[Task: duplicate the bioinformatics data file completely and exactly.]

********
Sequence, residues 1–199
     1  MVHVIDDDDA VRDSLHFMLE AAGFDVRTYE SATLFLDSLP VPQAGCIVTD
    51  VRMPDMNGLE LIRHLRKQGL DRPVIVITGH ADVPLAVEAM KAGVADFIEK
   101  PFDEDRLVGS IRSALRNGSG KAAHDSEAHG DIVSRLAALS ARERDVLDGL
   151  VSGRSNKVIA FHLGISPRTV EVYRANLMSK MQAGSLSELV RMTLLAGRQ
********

Sequence, residues 1–199
     1  MVHVIDDDDA VRDSLHFMLE AAGFDVRTYE SATLFLDSLP VPQAGCIVTD
    51  VRMPDMNGLE LIRHLRKQGL DRPVIVITGH ADVPLAVEAM KAGVADFIEK
   101  PFDEDRLVGS IRSALRNGSG KAAHDSEAHG DIVSRLAALS ARERDVLDGL
   151  VSGRSNKVIA FHLGISPRTV EVYRANLMSK MQAGSLSELV RMTLLAGRQ